Some might question whether we need a theatrical presentation of these stories when we have documentaries, books, films and many other ways of finding out the details. To my mind, there is something very powerful about hearing the voices of real people resonating down the decades. There are only a handful of people still alive who can recall the Great War – this number will only diminish. We need to remember these events. We have a duty to remember the sacrifice and suffering.
All the actors acquit themselves with great skill and compassion. They take us through the events with clarity, humour and genuine emotion. Matthew Kelly holds the stage with his sense of mischief and is well matched by Tim Woodward as the former NCO.
The rest of the cast (Belinda Lang, Rupert Frazer and Stephen Crossley) are equally accomplished in capturing the essences of their characters. I particularly enjoyed the arrival of Mr Crossley – the only American voice to be heard. He arrives very late in the play and provokes a series of interesting reactions from the other participants.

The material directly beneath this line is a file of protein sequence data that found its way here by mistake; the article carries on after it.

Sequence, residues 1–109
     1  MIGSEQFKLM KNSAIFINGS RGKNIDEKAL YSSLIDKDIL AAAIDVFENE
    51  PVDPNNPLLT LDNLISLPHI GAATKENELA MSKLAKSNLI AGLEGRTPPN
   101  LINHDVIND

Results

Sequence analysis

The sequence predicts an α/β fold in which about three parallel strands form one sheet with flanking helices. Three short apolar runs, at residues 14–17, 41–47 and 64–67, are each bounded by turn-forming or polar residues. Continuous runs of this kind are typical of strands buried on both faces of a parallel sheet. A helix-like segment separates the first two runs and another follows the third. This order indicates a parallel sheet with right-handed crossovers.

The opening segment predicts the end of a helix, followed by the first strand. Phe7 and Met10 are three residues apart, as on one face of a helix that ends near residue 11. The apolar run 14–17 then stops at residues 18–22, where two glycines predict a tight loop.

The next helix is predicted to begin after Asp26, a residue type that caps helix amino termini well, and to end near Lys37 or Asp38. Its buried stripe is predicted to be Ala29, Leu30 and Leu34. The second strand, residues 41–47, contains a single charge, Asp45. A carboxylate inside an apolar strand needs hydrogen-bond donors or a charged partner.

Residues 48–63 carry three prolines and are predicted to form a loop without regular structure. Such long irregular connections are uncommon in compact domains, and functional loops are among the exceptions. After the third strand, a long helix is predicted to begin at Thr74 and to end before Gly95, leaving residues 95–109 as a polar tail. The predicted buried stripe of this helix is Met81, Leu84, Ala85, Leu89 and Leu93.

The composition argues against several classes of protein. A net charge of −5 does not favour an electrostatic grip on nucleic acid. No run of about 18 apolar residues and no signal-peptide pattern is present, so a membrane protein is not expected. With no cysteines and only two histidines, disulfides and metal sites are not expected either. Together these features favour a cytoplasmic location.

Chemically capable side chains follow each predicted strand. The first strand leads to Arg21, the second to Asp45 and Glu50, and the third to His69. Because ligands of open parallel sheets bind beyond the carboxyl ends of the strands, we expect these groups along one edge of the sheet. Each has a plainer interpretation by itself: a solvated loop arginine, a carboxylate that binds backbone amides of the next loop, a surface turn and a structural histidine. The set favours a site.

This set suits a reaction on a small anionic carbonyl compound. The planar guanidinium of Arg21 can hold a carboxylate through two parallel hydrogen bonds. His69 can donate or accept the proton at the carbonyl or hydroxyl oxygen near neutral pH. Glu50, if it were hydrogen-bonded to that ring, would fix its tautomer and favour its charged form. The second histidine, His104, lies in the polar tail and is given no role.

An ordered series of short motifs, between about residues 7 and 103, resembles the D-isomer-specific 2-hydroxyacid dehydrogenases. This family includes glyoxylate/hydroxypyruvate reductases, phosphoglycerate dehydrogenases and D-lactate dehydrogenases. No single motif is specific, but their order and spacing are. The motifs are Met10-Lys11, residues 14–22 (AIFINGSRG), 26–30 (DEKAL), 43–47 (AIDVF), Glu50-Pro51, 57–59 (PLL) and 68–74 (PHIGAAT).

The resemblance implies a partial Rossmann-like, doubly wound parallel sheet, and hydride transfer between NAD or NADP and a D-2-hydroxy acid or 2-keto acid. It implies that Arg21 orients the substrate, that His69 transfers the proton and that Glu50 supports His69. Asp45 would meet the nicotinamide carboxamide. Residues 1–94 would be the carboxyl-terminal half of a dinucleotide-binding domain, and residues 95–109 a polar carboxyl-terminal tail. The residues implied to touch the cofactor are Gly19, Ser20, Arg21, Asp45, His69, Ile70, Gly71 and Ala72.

It is a deceptively simple piece of theatre – 5 actors on a basic set, very few props – but they tell a powerful story with clarity. For anyone who studied the poetry of the First World War or who has a passing interest in the history of the period, this will greatly add to your knowledge of the realities experienced by the individuals. If you have even just a glimmer of concern about the human condition, this will open your eyes to the nature of war.
The book on which this production is based is an important record of real experiences. This stage adaptation gives these forgotten voices another chance to be heard, and - hopefully - for the lessons contained within the stories they tell to be heeded.